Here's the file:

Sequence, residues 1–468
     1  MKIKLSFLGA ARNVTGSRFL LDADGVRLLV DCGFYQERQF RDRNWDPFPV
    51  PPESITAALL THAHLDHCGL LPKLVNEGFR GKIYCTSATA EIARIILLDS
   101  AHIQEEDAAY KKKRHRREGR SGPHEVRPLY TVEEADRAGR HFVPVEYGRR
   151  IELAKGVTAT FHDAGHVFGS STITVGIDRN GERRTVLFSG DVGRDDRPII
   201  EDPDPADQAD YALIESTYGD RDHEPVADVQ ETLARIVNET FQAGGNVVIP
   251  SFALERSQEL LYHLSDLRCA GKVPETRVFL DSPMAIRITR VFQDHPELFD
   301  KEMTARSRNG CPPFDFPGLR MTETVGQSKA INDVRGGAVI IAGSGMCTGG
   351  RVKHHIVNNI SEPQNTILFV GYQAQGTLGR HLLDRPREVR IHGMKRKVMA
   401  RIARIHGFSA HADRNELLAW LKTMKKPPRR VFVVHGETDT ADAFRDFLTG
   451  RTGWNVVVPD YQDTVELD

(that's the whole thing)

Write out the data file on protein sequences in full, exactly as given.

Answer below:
Sequence, residues 1–468
     1  MKIKLSFLGA ARNVTGSRFL LDADGVRLLV DCGFYQERQF RDRNWDPFPV
    51  PPESITAALL THAHLDHCGL LPKLVNEGFR GKIYCTSATA EIARIILLDS
   101  AHIQEEDAAY KKKRHRREGR SGPHEVRPLY TVEEADRAGR HFVPVEYGRR
   151  IELAKGVTAT FHDAGHVFGS STITVGIDRN GERRTVLFSG DVGRDDRPII
   201  EDPDPADQAD YALIESTYGD RDHEPVADVQ ETLARIVNET FQAGGNVVIP
   251  SFALERSQEL LYHLSDLRCA GKVPETRVFL DSPMAIRITR VFQDHPELFD
   301  KEMTARSRNG CPPFDFPGLR MTETVGQSKA INDVRGGAVI IAGSGMCTGG
   351  RVKHHIVNNI SEPQNTILFV GYQAQGTLGR HLLDRPREVR IHGMKRKVMA
   401  RIARIHGFSA HADRNELLAW LKTMKKPPRR VFVVHGETDT ADAFRDFLTG
   451  RTGWNVVVPD YQDTVELD